--WR Brandon Lloyd has started to see some defenses pay closer attention to him, coach Mike Nolan said. After Lloyd had two straight 100-yard receiving days, the Colts put an emphasis on defending him, holding him without a catch.
--WR Johnnie Morton was the only 49ers' wideout to catch a pass in Alex Smith's starting debut Oct. 9 against the Colts. He had one reception for 13 yards. For the season, Morton has 10 receptions for 112 yards.
--TE Steve Bush is a nonfactor in the offense, with just three catches for 21 yards. Last year, TE Eric Johnson led the 49ers with 82 catches for 825 yards. The 49ers spent the bye week looking for ways to get the tight end more involved in the offense.
--TE Trent Smith has just one catch for no yards, but he might be the best receiving option on the team's roster at this position. The 49ers spent the bye week looking for ways to get Smith involved. He's also spent time working with Alex Smith, as those two have to build some sort of rapport.
--K Joe Nedney has made all of his kicks this season, but he has not been called upon much. In five games, Nedney has just three field goals.
--WR Otis Amey, the club's No. 4 receiver, has returned just six punts in the first four games, but one of them went for a 75-yard touchdown return. His average stands at 16.5, but he does not have enough returns to qualify as the league-leader.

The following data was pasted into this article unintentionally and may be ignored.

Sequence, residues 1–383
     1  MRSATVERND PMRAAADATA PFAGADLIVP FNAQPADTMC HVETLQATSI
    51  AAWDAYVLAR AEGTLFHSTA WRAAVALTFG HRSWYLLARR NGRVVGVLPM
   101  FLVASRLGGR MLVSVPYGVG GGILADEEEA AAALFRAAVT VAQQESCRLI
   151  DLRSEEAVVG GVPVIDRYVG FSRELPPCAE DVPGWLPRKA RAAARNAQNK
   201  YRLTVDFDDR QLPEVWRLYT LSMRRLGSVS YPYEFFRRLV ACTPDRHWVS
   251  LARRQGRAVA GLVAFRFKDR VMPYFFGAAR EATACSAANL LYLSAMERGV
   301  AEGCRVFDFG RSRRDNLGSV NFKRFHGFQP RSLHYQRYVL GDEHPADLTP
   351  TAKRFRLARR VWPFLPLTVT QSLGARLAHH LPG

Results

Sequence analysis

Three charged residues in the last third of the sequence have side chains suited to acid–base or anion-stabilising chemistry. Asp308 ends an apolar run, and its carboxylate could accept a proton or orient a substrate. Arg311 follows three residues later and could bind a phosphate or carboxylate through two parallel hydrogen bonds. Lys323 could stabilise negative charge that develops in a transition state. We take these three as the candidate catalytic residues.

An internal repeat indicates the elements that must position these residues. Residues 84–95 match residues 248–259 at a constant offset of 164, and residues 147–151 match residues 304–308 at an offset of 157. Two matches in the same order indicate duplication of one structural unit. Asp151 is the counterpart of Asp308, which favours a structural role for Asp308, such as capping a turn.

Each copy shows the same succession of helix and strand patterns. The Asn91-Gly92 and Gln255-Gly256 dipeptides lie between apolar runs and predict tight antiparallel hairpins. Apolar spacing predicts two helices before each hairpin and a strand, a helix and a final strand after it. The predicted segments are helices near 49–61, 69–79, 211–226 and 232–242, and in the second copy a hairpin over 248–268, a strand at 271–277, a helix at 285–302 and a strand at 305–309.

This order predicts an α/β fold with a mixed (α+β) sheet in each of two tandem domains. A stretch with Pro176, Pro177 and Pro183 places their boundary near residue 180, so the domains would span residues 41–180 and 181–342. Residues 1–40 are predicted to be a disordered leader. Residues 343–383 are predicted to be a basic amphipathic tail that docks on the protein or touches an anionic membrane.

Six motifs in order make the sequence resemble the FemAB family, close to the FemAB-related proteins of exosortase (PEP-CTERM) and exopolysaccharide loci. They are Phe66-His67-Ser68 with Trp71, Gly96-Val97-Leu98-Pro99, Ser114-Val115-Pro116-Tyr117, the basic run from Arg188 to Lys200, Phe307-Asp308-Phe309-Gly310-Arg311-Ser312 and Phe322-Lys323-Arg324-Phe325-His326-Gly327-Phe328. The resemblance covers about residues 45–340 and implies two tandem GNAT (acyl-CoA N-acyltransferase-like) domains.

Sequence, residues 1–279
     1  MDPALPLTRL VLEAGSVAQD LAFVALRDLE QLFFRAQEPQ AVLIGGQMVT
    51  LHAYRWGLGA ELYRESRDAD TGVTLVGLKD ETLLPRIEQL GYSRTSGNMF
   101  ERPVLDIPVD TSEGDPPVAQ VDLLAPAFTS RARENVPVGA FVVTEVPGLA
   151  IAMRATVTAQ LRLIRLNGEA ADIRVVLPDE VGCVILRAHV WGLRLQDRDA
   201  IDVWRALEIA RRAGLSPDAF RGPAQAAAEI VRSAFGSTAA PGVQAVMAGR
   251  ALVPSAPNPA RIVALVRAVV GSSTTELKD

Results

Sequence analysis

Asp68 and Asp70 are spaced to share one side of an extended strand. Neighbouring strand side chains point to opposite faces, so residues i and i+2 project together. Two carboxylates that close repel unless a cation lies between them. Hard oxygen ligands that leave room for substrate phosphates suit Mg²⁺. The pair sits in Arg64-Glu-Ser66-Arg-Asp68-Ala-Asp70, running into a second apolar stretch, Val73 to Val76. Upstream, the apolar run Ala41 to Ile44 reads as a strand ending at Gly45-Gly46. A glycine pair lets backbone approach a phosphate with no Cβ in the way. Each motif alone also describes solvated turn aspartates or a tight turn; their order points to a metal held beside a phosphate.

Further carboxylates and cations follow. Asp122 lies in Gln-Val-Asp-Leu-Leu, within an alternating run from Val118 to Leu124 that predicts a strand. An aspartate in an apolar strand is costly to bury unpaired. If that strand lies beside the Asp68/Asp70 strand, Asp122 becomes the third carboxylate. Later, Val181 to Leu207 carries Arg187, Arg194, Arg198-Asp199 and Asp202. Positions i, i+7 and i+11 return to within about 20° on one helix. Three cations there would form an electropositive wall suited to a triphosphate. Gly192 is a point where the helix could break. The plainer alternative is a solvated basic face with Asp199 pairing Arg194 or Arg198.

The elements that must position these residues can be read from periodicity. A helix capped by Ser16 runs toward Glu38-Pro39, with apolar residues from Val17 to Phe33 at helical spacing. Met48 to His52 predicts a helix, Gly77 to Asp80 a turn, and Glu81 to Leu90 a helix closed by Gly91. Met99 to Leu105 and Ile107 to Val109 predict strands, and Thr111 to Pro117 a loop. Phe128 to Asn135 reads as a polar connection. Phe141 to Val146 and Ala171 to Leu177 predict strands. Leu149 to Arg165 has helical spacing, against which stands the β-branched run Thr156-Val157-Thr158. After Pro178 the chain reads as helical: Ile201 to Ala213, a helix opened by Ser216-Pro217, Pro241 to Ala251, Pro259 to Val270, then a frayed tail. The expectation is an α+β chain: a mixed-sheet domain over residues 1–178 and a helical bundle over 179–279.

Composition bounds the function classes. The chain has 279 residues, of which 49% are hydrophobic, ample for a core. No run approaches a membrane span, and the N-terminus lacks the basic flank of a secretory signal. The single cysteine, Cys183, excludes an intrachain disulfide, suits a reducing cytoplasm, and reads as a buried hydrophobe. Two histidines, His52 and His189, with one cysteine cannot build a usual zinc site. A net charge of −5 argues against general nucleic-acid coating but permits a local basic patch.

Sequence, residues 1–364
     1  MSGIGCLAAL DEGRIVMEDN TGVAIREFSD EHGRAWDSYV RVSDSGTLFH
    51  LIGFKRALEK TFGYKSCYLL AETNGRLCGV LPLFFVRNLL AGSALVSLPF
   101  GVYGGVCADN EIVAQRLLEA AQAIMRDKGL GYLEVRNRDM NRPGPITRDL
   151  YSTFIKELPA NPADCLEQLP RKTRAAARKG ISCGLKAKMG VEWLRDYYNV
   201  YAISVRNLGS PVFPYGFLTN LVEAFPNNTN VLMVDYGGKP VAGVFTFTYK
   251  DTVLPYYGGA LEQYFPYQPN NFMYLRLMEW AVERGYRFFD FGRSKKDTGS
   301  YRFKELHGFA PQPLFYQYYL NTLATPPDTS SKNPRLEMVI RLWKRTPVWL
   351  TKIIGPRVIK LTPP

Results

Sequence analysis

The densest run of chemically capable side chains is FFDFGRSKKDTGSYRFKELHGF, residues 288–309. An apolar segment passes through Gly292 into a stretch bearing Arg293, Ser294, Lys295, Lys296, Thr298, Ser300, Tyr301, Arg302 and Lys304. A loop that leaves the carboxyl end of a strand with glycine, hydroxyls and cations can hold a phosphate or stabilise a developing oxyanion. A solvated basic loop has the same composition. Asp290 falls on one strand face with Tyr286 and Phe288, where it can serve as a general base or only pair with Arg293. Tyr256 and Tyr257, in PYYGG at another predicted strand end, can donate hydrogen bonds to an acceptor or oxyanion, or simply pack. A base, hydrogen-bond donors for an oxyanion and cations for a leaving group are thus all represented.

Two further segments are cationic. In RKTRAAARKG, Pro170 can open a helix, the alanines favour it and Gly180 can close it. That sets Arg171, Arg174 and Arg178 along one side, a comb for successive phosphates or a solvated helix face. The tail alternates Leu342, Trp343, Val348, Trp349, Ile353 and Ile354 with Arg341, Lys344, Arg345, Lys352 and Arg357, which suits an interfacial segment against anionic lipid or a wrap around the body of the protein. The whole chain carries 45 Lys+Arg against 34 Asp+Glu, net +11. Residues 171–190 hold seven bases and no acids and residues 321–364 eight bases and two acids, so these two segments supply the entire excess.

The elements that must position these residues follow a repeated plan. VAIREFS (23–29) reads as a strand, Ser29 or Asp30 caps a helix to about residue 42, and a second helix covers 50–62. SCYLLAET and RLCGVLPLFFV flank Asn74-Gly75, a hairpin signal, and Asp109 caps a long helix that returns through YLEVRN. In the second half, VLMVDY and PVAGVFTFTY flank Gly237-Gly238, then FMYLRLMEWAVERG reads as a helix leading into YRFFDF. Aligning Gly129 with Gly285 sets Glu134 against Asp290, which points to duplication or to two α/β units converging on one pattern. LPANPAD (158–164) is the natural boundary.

--CB Bruce Thornton has earned his second NFL start after playing impressively in just his third NFL game. He held Colts WR Marvin Harrison to just two catches for 17 yards. Thornton also had an interception. If Thornton continues to play well, he might shift to a role as the nickel back when starter Ahmed Plummer returns in a couple weeks.
--CB Ahmed Plummer underwent arthroscopic surgery on his left ankle three weeks ago to remove a bone chip last week. He is expected to miss at least one more game.
--LT Jonas Jennings, whom the 49ers awarded a $12 million signing bonus as an unrestricted free agent, will not play Sunday against the Redskins. The 49ers hope there is a chance he will be able to play Oct. 30 against the Buccaneers. If his torn right labrum has not improved much by then, he might opt for season-ending surgery on his shoulder.
--CB Derrick Johnson, who played well in his starting debut Oct. 2 against the Cardinals before leaving with a strained left thigh, is expected to return this week. Johnson will not start but he should see a lot of action when the Redskins go with multi-receiver formations.
--LB Saleem Rasheed will miss two to five weeks after undergoing arthroscopic surgery to repair meniscus knee cartilage. Rasheed was scheduled to start the remainder of the season after Jeff Ulbrich had season-ending surgery to repair a torn biceps.